Also within the perimeter of the palisade were three large shapes, each comprising a number of wooden rafters radiating unevenly outward from a central point, like the spokes of a broken umbrella. These were the collapsed roofs of the roundhouses. Several archeologists were working on excavating a fourth. They had already lifted and removed its roof timbers and were uncovering the dwelling’s contents, now compressed by three millennia of mud. They scraped with their trowels methodically, emptying the dirt into buckets that would later be sifted for small finds. One researcher, who looked to be in his twenties, wore a sweatshirt with the words “MY FUTURE LIES IN RUINS.”

August 30, 2014

That’s not vintage wine. This is vintage wine.

Filed under: History, Wine — Tags: , , , — Nicholas @ 10:31

Storing a few old bottles in your cellar? Not as old as these bottles:

Israel isn’t particularly famous for its wine today, but four thousand years ago, during the Bronze Age, vineyards in the region produced vintages that were prized throughout the Mediterranean and imported by the Egyptian elite.

Last summer, archaeologists discovered a rare time capsule of this ancient drinking culture: the world’s oldest known wine cellar, found in the ruins of a sprawling palatial compound in Upper Galilee.

The mud-brick walls of the room seem to have crumbled suddenly, perhaps during an earthquake. Whatever happened, no one came to salvage the 40 wine jars inside after the collapse; luckily for archaeologists, the cellar was left untouched for centuries. [In Images: An Ancient Palace Wine Cellar]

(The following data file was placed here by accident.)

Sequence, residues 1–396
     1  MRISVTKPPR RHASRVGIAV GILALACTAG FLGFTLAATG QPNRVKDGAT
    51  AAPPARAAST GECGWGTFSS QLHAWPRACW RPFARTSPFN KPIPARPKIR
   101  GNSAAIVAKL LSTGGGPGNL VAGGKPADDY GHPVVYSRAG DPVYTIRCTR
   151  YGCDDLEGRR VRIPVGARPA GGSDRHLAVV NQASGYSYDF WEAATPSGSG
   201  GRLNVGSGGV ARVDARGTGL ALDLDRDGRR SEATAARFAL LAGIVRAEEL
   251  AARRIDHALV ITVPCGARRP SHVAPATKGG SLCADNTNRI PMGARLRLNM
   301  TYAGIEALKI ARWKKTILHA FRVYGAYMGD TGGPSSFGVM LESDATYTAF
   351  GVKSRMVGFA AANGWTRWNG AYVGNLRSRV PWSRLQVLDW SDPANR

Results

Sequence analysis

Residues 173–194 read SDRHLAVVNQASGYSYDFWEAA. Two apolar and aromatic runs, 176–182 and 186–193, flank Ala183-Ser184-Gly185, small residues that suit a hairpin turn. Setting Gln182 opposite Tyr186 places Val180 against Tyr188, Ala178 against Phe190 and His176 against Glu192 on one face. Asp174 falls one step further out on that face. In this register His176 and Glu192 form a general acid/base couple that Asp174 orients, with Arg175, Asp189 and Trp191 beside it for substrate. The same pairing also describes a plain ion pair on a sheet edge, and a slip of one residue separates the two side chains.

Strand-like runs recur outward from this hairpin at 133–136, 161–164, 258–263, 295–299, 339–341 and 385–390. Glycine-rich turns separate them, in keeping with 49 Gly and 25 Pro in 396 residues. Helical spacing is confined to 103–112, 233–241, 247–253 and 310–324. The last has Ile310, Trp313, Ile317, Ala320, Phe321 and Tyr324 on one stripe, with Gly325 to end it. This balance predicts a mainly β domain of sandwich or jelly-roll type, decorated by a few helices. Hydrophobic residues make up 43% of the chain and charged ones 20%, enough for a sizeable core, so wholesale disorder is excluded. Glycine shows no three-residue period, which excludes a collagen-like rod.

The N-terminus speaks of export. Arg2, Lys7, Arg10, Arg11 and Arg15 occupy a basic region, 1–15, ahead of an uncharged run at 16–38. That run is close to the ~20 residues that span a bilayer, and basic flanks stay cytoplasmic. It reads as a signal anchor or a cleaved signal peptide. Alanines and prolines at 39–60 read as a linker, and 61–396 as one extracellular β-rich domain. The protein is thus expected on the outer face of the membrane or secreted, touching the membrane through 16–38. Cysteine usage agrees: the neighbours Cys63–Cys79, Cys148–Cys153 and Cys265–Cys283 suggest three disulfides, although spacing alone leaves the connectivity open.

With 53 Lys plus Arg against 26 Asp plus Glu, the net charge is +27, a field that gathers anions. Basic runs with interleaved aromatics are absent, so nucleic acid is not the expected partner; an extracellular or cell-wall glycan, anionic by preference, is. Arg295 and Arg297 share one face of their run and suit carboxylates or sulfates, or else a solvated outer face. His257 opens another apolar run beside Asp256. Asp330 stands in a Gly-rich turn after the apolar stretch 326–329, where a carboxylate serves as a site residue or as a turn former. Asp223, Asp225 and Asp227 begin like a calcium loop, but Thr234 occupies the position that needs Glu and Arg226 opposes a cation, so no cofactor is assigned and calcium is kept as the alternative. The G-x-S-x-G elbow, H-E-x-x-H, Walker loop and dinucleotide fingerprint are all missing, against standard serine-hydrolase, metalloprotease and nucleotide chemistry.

Excavators at the site took samples of the residue inside the jars. In a new study published today (Aug. 27) in the journal PLOS ONE, the researchers describe what their chemical analysis turned up: biomarkers of wine and herbal additives that were mixed into the drink, including mint, cinnamon and juniper.

[…]

The residue from all 32 jars sampled in the study contained tartaric acid, one of the main acids in wine. In all but three jars, the researchers found syringic acid, a marker of red wine. The absence of syringic acid in those three jars may indicate that they contained some of the earliest examples of white wine, which got its start later than red wine, Koh said.

The researchers found signatures of pine resin, which has powerful antibacterial properties and was likely added at the vineyard to help preserve the wine. Scientists also found traces of cedar, which may have come from wooden beams used during the wine-pressing process.

The researchers noticed that the cellar’s simplest wines, those with only resin added, were typically found in the jars lined up in a row against the wall near the outdoor entrance to the room. But the wines with the more complex additives were generally found in jars near a platform in the middle of the cellar and two narrow rooms leading to the banquet hall next door. Koh and colleagues believe the wine would have been brought from the countryside into the cellar, where a wine master would have mixed in honey and herbs like juniper and mint before a meal.

As for the taste, Koh said the ancient booze may have resembled modern retsina, a somewhat divisive Greek wine flavored with pine resin — described by detractors as having a note of turpentine. (Koh said he and his colleagues usually hear two different kinds of remarks about the ancient wine: Some say, “I would love to drink this wine,” while others say, “It must have just tasted like vinegar with twigs in it.”)